Posts Tagged ‘Catholics’

Celebrating World Autism Day – and the Differences That Make Us Special

Wednesday, April 2nd, 2014

By Alice Kenny

Join us as we celebrate World Autism Day.

Through a network of specialized services, Catholic Charities empowers and cares compassionately for the most vulnerable New Yorkers – non-Catholics and Catholics alike. The developmentally disabled child, the senior adjusting to recent blindness and the emotionally challenged adult need the intensive care and support provided by Catholic Charities to live with dignity and in safety.

“Do not fear people with Autism; embrace them,” says Paul Isaacs, a young writer with autism.
“Do not spite people with Autism; unite them.
“Do not deny people with Autism; accept them for then their abilities will shine.”

Are you or someone you know facing a physical or emotional challenge and looking for help?
Visit us at Catholic Charities and find out more.

Trying Where Others Have Given Up One Person at a Time

Friday, September 27th, 2013

Read Monsignor Kevin Sullivan’s speech at the 2013 Pierre Toussaint Scholarship Dinner :

 

Thank you.

Tonight, with dubious judgment, you graciously present me this medallion named after a black immigrant, slave and saint.  This white, free-born Amercian sinner is appreciative, humbled, inspired and burdened.

I accept this medallion on behalf of Catholic Charities’ thousands of trustees, staff, volunteers and benefactors, who provide help and create hope to New Yorkers in need – non-Catholics and Catholics alike – black, brown, yellow and white, overwhelmingly poor and vulnerable, each made in the image of God, worthy of dignity, life and love.

I commend Brother Tyrone and the commissioners of the Office of Black Ministry for devoting the proceeds of this dinner to advancing the education of future leaders, both here and in Haiti.  Nothing is more important.

This 50th anniversary year of the March on Washington compels us tonight to not avoid the issue of race, and I include ethnicity.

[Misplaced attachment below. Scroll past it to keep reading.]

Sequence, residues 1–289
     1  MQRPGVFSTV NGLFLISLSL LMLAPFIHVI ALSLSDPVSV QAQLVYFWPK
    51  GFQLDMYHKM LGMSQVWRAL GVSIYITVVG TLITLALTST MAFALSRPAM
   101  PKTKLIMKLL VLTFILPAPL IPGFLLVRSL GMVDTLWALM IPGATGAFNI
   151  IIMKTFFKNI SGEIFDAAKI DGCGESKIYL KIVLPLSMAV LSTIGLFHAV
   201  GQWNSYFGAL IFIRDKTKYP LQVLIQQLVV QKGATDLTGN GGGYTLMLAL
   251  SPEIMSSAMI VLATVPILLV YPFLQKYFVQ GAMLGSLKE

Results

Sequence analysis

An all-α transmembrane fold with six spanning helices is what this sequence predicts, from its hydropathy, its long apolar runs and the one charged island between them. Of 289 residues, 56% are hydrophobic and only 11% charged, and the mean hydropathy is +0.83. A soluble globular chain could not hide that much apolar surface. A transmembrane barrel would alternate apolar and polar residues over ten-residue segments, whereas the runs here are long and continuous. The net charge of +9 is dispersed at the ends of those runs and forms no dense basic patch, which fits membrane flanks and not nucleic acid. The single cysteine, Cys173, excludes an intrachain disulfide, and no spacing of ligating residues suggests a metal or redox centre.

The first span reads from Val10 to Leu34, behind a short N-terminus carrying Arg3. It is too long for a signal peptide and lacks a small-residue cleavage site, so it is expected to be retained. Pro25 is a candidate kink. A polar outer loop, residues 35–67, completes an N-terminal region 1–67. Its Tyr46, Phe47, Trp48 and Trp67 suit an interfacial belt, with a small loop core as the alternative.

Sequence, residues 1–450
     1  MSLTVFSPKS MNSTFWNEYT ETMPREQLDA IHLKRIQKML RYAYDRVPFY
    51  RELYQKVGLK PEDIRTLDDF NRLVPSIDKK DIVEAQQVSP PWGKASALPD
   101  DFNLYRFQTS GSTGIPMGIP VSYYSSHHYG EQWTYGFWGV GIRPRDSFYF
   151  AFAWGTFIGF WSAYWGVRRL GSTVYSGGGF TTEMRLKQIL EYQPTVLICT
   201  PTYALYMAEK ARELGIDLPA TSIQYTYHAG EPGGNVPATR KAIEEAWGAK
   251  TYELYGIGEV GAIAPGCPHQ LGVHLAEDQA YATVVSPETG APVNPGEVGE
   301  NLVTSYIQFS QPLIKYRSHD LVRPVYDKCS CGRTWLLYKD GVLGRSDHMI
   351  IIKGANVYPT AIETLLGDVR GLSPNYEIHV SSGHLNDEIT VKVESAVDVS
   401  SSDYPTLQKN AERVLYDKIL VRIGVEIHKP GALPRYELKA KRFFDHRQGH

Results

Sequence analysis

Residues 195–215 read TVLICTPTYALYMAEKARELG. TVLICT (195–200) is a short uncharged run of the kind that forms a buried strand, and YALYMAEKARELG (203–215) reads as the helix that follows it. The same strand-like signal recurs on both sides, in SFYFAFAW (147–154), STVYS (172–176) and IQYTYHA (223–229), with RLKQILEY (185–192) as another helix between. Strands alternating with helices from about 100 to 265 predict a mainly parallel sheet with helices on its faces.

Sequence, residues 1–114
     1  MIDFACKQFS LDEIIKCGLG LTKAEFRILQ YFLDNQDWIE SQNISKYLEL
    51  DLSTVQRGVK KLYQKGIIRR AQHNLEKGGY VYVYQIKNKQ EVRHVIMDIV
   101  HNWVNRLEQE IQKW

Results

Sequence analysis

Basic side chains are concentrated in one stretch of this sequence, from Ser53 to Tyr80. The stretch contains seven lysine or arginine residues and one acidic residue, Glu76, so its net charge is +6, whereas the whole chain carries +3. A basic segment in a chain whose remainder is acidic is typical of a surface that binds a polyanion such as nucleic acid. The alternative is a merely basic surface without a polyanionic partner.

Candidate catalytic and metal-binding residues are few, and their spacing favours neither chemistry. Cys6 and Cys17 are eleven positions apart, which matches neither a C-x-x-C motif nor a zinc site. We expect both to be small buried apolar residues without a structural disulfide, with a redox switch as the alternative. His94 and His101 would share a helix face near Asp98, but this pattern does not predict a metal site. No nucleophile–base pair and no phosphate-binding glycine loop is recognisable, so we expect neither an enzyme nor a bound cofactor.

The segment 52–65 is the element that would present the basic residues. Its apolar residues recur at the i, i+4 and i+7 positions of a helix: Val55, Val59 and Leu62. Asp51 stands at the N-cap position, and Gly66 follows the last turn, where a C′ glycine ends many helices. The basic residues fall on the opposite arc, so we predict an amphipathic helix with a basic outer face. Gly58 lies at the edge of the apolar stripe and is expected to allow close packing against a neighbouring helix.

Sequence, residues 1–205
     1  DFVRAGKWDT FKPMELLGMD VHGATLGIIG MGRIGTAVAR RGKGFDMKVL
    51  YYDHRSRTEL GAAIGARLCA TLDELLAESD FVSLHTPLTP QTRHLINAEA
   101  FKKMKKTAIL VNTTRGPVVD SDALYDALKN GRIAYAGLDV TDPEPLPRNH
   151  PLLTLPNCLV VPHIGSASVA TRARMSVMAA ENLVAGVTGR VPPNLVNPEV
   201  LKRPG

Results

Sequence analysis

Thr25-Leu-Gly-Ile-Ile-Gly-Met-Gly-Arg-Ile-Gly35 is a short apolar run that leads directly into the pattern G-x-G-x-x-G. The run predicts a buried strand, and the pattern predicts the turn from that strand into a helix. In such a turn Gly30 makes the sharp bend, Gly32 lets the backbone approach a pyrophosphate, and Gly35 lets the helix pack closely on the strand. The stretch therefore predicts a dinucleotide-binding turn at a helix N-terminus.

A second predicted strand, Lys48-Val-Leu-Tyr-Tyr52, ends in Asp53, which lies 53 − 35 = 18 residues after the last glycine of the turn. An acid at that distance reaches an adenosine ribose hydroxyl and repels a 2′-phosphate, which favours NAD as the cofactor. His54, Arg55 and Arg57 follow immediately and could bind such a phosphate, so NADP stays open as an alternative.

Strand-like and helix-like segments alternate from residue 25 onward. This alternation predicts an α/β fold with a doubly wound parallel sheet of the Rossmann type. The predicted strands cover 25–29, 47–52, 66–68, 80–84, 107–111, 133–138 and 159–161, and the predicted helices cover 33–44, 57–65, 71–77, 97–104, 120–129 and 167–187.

That we have – and need – a black ministry office, testifies that race continues to haunt us as both society and church.

That we have a large and expanding Catholic Charities bears witness to our failures to implement the dream of many – including Martin Luther King, Pierre Toussaint, Dorothy Day, and not least, an itinerant preacher from Nazareth named Jesus.

Catholic Charities serves overwhelmingly, the poorest and most vulnerable of our society.

Catholic Charities serves overwhelmingly, black and brown New Yorkers.  To not correlate these two is to perpetuate the inequality that makes us less as a nation and less as a church.

Pierre Toussaint’s cause for sainthood is so compelling: personal responsibility and social responsibility, the dignity of work, a vibrant faith that integrates the worship of God and love of neighbor.

We are beneficiaries of Pierre Toussaint’s legacy.  We must accept being its burden bearers.

As a society we need to affirm and advance the dignity of work: in cleaning our buildings, teaching our children, driving our buses, caring for our elderly and infirm, on 700 street corners across this nation where 120,000 day laborers gather – and even far away, in the garment factories of  Bangladesh where workers earn $32 a month.  And yes, even in the neighborhood hairdressers, and the butler in the White House.

As a church we cannot remain satisfied with periodic liturgies that celebrate diversity in song and vestment.  These are necessary and life giving, and insiring.  And it is good and holy that “his eye is on the sparrow and he watches over me.”  But let us also make sure that his eye is on board rooms and markets, workplaces and jails.  Let us make certain that he watches over those places, as well.